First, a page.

Peanut free in Singapore

Peanut-allergic Victoria Vaughan reports from the land of the satay sauce. She is also asthmatic, has eczema and a range of other food intolerances which she manages with homeopathy. (Click here for her article on homeopathy.)

Travelling when you have a life-threatening peanut allergy can add an extra layer of concern to any trip, but if you are emigrating the question 'will I be OK?' ricochets around your head just a little louder.

After the usual checks of passport, ticket, toothbrush, adrenalin and a little wish that this trip won't see you in A&E mainlining anti-histamine you can add: Will I ever eat out again? What's the healthcare like? Do they know about allergies? Will I be able to get a new Epipen?

When moving to Singapore nine months ago these were my concerns. I had never visited the city state. I knew the population was mainly Chinese and I knew that Chinese cooking uses peanuts. However, I also knew that English was the national language which had to make life easier...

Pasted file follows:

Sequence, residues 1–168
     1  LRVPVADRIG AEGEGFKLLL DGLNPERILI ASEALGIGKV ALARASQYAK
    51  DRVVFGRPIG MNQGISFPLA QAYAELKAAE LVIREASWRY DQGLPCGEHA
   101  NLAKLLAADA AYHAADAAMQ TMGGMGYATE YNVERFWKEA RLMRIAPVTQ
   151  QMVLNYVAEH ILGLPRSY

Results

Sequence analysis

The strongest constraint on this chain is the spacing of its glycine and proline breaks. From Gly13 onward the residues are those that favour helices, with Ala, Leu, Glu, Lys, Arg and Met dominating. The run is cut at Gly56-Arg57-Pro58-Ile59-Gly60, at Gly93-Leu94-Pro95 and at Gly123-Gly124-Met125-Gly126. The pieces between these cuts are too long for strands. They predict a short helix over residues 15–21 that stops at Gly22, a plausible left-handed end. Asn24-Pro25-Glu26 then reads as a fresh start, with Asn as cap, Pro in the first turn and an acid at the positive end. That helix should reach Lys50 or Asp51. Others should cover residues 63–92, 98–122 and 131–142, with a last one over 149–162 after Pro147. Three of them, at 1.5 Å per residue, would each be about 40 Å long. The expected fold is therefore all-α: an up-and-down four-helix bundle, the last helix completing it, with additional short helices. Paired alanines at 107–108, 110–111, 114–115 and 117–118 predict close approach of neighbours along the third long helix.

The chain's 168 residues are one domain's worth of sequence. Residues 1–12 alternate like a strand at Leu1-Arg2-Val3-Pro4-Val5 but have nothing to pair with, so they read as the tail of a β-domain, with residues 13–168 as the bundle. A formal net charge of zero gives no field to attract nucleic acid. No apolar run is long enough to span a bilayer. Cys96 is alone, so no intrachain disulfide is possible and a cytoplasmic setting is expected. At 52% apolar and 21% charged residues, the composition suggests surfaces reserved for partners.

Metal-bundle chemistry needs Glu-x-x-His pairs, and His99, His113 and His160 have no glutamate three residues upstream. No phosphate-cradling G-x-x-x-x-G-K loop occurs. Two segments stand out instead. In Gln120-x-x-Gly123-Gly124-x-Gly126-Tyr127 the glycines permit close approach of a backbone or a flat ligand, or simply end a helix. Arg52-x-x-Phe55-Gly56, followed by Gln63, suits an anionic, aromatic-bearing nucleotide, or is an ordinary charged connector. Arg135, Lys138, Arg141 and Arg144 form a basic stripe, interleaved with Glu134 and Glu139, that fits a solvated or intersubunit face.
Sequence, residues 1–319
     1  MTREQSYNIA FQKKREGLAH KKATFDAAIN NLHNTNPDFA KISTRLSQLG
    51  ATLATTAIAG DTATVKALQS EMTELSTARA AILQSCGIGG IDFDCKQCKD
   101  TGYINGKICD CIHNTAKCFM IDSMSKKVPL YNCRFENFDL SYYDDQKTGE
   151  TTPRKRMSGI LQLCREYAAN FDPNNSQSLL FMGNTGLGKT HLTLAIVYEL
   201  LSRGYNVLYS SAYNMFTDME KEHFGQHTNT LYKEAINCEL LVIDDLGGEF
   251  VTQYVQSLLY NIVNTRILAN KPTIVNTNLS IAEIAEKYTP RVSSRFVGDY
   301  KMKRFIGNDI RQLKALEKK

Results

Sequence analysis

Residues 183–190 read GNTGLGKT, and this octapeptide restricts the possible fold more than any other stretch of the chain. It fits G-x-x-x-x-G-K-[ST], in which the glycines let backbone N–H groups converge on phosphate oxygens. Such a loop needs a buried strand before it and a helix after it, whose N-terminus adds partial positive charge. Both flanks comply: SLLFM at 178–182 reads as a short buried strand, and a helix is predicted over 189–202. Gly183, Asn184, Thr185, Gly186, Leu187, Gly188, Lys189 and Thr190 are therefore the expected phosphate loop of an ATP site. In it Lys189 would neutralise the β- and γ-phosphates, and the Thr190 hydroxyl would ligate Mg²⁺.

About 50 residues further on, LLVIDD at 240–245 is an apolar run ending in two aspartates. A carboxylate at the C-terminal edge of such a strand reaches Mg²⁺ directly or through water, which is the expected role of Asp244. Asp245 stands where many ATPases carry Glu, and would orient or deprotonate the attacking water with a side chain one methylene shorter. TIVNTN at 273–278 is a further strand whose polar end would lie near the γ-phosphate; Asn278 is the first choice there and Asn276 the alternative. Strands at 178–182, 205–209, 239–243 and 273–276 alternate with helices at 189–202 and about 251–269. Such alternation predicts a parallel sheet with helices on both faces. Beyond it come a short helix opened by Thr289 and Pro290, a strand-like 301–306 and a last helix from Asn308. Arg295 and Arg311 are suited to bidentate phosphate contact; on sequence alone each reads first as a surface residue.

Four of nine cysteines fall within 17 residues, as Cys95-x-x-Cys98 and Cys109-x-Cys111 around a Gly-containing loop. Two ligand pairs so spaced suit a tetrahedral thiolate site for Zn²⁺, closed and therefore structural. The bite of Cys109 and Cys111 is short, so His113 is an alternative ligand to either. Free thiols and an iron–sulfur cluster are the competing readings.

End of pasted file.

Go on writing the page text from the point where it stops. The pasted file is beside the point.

The island of Singapore is just 25 miles long and 14 miles wide and is home to an amazing fusion of races. Consequently the standard of English can vary widely. Three-quarters of the island's 4.5 million residents are Chinese, 13% are Malay, 9% are Indian and 2.4% are Eurasians and many often feel more comfortable speaking in their own language.

So the first thing I did was to get a few sentences about my allergy translated into Mandarin Chinese and Malay. I carry this note around in my wallet and get it out to show the waiters where understanding is suspect.

Despite such precautions I have had two incidents since moving to Singapore. Both reactions occurred at the same restaurant and although I cannot say for certain I believe there were issues with cross- contamination. Anyway that restaurant is now off limits.